They drove around aimlessly for an hour, listening to their child’s babble, pointing out all the funny things they saw on the drive. They were friends, sharing moments that any outsider looking in would call a normal, everyday family. The cart suddenly had a purpose it seemed, as it kept to a specific route, taking her far away from her childhood home, and into a neighborhood she had never spent time in. When he stopped driving, she could only look. They had stopped in front of a house; a tiny house that needed some work, but with a yard, and a few coconut trees swaying in the wind. The yard was overgrown, and in some places, the fence needed to be replaced, but inside it stood a small yellow house with windows like eyes, and a big brown door in the middle like the classic nose. She held her son close, breathing in his fleeting baby scent, and looked at his father, knowing what was before her, but wondering what it all meant.
She got off the cart, helped her son off as well, and she walked up to the fence. At almost eighteen, she had the first opportunity to make a decision for herself, and for their future.
He stayed behind the wheel, unsure of himself. He had decided to rent a house for himself, removing the last vestiges of childhood, and the ties that dragged him away from where he should be: with his own child. On his own, he could work on making a life with his family. If she would let him. Now, he wondered if he had been too bold.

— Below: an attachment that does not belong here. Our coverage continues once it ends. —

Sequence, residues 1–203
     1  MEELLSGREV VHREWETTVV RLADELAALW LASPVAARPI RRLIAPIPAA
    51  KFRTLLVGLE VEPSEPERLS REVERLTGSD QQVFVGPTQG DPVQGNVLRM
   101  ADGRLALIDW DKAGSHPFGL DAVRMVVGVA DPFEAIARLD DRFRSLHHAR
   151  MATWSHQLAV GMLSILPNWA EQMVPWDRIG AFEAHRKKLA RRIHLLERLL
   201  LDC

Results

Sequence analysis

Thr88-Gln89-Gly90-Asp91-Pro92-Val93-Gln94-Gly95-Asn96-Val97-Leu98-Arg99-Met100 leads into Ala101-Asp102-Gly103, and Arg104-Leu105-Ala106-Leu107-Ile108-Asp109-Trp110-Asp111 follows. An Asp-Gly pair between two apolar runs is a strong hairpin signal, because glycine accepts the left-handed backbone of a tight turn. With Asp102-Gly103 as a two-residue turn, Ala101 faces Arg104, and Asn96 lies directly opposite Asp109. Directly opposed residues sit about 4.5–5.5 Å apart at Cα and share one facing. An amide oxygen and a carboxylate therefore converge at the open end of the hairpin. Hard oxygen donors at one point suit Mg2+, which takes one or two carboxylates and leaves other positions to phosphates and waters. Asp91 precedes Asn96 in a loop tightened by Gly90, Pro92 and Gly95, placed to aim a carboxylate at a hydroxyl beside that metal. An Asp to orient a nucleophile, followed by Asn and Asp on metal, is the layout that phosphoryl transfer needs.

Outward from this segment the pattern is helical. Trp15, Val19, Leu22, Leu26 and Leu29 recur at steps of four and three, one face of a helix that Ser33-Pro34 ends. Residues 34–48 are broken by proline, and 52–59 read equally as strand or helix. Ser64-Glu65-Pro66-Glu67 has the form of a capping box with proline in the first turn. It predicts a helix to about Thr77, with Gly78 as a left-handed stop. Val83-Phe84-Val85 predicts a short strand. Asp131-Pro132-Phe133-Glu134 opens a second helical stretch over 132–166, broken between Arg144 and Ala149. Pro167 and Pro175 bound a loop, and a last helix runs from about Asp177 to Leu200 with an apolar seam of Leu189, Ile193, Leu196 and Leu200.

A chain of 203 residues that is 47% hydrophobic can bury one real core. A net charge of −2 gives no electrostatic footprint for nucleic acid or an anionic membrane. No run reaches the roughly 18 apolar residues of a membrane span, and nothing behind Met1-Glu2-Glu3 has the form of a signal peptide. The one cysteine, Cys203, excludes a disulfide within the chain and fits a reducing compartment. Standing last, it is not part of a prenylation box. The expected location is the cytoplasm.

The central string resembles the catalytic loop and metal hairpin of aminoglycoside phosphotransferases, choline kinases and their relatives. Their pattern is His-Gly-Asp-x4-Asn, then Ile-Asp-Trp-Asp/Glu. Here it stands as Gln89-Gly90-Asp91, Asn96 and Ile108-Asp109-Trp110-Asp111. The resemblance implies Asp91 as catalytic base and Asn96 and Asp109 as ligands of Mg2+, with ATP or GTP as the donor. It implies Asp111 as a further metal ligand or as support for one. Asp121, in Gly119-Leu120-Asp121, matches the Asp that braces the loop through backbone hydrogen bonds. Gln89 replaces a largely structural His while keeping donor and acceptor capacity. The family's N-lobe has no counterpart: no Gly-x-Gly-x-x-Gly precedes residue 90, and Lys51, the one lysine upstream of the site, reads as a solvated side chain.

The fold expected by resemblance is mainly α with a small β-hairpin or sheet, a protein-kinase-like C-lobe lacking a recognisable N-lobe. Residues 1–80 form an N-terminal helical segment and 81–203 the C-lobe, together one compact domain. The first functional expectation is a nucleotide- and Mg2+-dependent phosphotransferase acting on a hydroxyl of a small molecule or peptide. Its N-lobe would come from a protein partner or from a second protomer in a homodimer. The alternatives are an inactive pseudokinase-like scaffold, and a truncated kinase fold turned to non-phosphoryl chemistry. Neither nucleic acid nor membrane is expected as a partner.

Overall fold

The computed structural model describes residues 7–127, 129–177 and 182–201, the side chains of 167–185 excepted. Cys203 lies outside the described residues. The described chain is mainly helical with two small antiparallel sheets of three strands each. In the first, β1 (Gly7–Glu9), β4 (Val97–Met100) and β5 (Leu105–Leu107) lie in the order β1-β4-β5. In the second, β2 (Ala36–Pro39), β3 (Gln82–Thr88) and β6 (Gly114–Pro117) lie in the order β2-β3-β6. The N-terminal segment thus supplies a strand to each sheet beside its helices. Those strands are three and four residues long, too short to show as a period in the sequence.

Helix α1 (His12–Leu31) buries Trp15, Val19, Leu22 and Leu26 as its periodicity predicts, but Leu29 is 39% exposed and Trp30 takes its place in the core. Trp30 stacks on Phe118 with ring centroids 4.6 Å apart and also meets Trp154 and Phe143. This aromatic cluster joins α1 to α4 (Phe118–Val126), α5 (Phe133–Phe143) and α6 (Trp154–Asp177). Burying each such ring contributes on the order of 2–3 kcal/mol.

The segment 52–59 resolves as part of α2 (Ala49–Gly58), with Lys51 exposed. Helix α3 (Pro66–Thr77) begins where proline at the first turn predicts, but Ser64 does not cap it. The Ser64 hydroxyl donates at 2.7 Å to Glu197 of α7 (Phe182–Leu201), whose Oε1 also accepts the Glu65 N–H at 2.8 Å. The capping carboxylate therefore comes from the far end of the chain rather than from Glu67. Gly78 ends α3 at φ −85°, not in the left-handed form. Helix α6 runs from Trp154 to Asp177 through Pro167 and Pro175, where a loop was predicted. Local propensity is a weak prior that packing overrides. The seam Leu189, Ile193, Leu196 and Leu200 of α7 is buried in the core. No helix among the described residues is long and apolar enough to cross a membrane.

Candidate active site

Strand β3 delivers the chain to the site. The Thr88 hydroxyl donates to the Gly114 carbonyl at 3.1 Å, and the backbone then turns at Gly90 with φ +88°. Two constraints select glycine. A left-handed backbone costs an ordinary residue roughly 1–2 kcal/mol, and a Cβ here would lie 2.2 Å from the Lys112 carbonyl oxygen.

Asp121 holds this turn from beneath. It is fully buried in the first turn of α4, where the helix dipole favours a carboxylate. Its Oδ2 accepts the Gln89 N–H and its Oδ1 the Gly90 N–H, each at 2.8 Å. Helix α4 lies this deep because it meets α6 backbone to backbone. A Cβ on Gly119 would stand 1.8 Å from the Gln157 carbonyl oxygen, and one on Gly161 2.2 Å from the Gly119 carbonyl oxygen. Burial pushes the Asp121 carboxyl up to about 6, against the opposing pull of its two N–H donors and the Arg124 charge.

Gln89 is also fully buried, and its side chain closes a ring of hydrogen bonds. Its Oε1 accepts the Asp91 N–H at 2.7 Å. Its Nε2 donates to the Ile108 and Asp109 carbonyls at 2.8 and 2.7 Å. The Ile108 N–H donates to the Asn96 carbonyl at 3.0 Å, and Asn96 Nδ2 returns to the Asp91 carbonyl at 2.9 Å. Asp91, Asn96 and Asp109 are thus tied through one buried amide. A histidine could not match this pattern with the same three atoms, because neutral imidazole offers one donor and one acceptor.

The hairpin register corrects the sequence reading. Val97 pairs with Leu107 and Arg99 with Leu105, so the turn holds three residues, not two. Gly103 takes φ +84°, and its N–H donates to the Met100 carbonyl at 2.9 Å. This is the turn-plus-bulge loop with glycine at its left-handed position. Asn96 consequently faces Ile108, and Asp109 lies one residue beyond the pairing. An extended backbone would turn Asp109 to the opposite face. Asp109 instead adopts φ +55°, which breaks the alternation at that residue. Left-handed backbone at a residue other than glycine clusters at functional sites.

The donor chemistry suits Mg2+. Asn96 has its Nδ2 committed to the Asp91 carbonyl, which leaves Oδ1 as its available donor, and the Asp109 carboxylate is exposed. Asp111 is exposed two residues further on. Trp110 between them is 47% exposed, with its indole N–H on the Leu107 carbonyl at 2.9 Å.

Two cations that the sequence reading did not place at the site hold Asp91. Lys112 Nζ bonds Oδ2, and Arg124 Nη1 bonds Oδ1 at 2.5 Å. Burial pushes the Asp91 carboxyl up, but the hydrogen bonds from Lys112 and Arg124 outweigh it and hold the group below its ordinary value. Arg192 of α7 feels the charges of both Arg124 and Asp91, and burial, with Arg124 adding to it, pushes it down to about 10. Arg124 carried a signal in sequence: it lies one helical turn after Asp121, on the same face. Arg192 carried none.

She picked her child up against her hip, pushed the gate open and walked into the yard. There was a pull, a tug at her heart. Her head said “do it”. Her heart simply beat, like it always had. The farther she walked into the yard, the better she felt about everything. The peeling paint on the rickety porch railings faded as she envisioned swinging on a hammock strung out to catch the breeze. The yard could be neatly trimmed, or maybe she would try her hand at gardening. She could see herself enjoying the house, and her baby growing up in a real home.
She turned to him and said, “Are you coming?”
He followed, one hand in pocket, jangling the keys.
They rented for a year before they decided to buy. By then, she was well on her way to having their second baby. But this time, she was not alone. There were still hard times coming. She couldn’t look ahead and see when he would leave for nearly a month. He couldn’t see how everywhere he turned, a roadblock would pop up. All he felt was the desire to change, to be a different man than the one who had engendered him.
Neither of them could see into the future that eventually evened out and became harmonious, but they each felt that pull - that draw - that made the fights, the separations, the anxiety and the hurts disappear at the end of the day when they sat out on their small porch, waiting for the fireflies to show up in the overgrown yard next door. When they looked at their child, and eventually, their children, and saw the kind of unconditional love that could be – the connection renewed itself, ready to handle another hurdle.